Day 6, Part 1 Of 4 – Brookings To Cavour, Intercepting A Train On Jointed Rail – 4 April 2012

by Jim on 2022/04/04

This is part of the Eastern Great Plains Spring Break 2012 Road Trip series.

Greetings, and welcome to Part 1 of 4 of Day 6 of Jimbaux’s Spring Break 2012 Eastern Great Plains Road Trip.

This day was essentially the climax of the trip, for many reasons.  It is appropriately at the midpoint, or the day before the nocturnal midpoint, of the trip, and the first day of the trip for which, as I type this in 2022, a decade after the trip, I had no previous draft.  It’s also the day with, by far, the largest number of presentable pictures, and the only day of the trip other than Day 4, which didn’t have nearly as many pictures, that had me (with a friend) chasing trains essentially all day long. 

All of that means that, in some ways, due to sheer volume, the essay – or essays – for this day are the most difficult to write, while, in other ways, this essay and the remainder will be easier to write, simply because I am not bound, or do not feel bound, by what I have written previously for this day, because, other than a few Facebook posts, I have written nothing!

Because of the gigantic volume of pictures, nearly 200, that I am presenting from this day, I am breaking the essay up into more than one part.  Because breaking it up into even only two parts means that breaking an essay up is no longer a cost of breaking it up into more than two parts, I am breaking it up into four parts, even though the sets of pictures from the days remaining in the trip will be noticeably larger than these posts.

Because I was so impressed by what I saw at Lake Benton on the afternoon before and because I noticed that the views there would be good all day long with trains in either direction, I floated the idea of just camping out there all day and just taking what came to us there.  Even though this outing was more ‘my’ outing, because I was much farther from home, whereas my friend could much more easily return here, because we were in his truck, I conceded the authority to determine the agenda to him.  He nixed my low-risk, low-reward strategy of hanging out at Lake Benton all day, and both of us are so glad that he did, particularly as my favorite shots of the day came relatively early in the morning far west of Lake Benton.

From our hotel in Brookings, we left at dawn and found a train very quickly.  My first image of the day is a badly overexposed view of a local freight train, presumably based in Brookings, heading west at Western Avenue behind DME 3832, the same locomotive that we saw and photographed working the Brookings Wayfreight at Volga at dusk yesterday, just about 12 hours ago.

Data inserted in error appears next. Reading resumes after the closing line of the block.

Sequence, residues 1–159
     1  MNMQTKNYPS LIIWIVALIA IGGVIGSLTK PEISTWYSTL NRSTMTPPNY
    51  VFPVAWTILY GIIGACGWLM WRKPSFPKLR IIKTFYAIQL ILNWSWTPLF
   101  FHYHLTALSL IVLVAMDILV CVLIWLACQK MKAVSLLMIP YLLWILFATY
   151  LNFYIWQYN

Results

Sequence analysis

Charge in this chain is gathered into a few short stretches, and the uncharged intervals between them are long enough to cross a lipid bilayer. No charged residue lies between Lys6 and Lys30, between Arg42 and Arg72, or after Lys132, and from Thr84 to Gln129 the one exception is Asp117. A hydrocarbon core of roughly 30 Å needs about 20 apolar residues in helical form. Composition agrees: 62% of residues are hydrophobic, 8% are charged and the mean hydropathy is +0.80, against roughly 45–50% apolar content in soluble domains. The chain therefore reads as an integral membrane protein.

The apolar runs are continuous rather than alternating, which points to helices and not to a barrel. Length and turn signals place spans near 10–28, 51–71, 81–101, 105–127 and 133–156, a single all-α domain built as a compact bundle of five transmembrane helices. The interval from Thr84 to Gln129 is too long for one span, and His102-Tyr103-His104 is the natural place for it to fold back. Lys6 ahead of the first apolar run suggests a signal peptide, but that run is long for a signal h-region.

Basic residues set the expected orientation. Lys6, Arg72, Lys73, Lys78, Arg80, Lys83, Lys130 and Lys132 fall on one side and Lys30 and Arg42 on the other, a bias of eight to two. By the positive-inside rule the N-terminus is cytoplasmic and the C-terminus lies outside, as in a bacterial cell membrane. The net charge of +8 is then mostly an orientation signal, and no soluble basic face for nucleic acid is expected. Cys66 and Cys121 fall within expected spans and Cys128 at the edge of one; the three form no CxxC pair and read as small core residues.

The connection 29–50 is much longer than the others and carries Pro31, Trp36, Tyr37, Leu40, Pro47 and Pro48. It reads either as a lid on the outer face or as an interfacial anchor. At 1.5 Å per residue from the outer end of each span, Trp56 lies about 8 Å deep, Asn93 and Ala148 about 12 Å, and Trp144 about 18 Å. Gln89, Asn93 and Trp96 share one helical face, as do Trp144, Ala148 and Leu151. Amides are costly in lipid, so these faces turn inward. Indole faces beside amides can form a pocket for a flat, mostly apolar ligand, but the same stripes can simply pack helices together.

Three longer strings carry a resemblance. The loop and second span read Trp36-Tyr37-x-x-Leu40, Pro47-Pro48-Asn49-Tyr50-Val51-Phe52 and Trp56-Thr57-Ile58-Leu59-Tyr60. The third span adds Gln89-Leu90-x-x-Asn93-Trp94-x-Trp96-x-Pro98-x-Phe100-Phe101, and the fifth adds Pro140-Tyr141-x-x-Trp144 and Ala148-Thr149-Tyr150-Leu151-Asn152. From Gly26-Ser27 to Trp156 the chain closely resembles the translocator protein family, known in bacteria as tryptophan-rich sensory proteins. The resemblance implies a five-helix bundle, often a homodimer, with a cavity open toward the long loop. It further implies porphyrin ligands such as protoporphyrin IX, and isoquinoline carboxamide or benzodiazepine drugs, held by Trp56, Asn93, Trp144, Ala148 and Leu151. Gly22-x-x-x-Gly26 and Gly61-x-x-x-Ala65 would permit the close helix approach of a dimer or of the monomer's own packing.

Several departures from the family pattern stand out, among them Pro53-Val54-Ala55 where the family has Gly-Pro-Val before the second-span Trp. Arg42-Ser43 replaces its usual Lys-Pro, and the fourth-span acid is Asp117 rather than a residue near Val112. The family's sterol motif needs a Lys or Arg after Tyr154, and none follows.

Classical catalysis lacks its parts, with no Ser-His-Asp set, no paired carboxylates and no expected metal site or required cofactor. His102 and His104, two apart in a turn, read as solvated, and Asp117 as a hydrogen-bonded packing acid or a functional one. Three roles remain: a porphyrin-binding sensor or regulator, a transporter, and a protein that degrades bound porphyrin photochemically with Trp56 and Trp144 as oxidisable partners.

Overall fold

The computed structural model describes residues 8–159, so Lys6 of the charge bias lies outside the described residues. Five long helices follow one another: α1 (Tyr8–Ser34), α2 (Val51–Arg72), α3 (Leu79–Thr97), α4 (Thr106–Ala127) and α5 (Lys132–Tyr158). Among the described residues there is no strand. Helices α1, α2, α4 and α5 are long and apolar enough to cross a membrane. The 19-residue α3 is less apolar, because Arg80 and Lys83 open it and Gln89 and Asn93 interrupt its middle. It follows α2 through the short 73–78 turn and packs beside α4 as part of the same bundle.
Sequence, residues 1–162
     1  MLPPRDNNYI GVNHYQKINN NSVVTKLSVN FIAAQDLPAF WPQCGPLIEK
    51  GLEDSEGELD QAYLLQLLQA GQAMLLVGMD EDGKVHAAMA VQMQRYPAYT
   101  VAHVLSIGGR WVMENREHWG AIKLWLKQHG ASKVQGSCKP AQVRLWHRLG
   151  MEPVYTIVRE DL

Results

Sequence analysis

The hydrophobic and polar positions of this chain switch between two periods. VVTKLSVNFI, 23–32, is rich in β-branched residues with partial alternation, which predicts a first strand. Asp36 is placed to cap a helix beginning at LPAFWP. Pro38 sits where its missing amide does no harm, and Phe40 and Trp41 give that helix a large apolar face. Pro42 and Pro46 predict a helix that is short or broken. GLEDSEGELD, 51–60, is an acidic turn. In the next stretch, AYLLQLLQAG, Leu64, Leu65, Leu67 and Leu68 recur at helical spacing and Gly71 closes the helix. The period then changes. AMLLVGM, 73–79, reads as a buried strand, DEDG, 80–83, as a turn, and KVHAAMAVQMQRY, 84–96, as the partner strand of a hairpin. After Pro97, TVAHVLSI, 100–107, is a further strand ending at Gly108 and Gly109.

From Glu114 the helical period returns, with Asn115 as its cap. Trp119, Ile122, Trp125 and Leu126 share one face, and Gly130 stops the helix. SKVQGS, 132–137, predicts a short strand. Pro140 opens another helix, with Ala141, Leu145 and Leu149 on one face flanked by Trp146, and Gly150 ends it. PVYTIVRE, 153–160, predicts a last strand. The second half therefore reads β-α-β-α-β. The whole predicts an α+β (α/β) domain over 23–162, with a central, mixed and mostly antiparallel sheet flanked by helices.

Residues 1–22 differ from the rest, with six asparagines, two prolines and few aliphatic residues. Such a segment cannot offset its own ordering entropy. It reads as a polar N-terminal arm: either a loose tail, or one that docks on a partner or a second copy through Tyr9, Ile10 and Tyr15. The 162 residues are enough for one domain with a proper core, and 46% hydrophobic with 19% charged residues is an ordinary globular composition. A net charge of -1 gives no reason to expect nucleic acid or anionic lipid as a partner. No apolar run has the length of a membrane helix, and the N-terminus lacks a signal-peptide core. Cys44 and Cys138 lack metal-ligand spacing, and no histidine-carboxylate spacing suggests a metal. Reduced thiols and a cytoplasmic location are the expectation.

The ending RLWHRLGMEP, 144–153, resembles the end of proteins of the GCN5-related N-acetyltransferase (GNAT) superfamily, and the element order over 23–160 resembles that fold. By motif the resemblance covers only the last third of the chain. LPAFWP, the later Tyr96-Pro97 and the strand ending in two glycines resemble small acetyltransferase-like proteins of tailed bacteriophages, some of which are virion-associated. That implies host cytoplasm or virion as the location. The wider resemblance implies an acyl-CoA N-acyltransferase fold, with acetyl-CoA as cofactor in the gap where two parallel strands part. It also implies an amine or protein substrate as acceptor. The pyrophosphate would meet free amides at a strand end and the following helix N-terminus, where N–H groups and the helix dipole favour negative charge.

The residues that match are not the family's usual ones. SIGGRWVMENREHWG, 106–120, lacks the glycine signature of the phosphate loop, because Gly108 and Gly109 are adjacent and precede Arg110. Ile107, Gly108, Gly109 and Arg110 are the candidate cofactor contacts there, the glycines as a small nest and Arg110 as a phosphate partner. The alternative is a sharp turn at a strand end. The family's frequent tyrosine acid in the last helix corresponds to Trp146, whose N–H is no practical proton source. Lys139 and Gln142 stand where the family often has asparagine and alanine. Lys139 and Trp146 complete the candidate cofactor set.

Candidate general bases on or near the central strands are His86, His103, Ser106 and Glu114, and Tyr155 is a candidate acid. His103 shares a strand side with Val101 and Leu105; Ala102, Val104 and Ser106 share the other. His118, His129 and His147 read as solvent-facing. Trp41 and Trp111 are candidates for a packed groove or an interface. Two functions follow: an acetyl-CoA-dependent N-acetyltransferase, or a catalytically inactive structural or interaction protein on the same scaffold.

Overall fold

Yeah, that would look better had I had a few seconds to adjust the exposure. The exposure was still set rather open from our post-dusk shots of action with this same locomotive the night before at Volga.

This would be a cool train to chase all morning if it were going the other direction, or a cool train to chase all afternoon, but westbound trains shortly after dawn on a cloud-free morning aren’t great photography targets.

We headed west, which would allow us to see more of this train, though that wasn’t our real goal.

Here are some hopper cars stored north of US Highway 14 northwest of town, as seen from the highway.

Here comes our lagniappe train that we are passively chasing approaching the junction to the spur.

Don’t confuse the train here for the cars parked in one of the storage tracks here.

You can see across Highway 14 here that the junction with the spur is a wye.

In the next image, I used the tree at left to obscure some bad graffiti on the obscured hopper car.

That’s US Highway 14 in the foreground of this southward view.

Some 41 minutes and 28 miles to the west later, we are in Lake Preston, where we see this.

This is CITX 3089 and ICE 6426 shoving some cars eastward.

I can’t remember what the thought process was, but we didn’t stick around to see what this was.

We left Lake Preston and continued westward.

See, what’s happening is that, as it is morning, and as Huron, to the west, is a terminal, we are heading westward in hopes of intercepting a train coming eastward out of Huron.  Although my idea of hanging out at Lake Benton all day was not completely without merit, on an east-west railroad, heading westward in the morning in the hopes of intercepting an eastbound train and heading east in the afternoon in hopes of intercepting a westbound train is a logical thing for a train hunter to do.